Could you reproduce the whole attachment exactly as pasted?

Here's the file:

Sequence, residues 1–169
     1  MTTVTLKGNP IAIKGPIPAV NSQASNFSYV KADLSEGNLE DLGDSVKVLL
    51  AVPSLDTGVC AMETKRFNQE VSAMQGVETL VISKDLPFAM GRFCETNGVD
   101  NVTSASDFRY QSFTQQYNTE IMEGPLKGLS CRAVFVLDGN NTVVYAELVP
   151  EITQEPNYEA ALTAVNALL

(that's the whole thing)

Sequence, residues 1–169
     1  MTTVTLKGNP IAIKGPIPAV NSQASNFSYV KADLSEGNLE DLGDSVKVLL
    51  AVPSLDTGVC AMETKRFNQE VSAMQGVETL VISKDLPFAM GRFCETNGVD
   101  NVTSASDFRY QSFTQQYNTE IMEGPLKGLS CRAVFVLDGN NTVVYAELVP
   151  EITQEPNYEA ALTAVNALL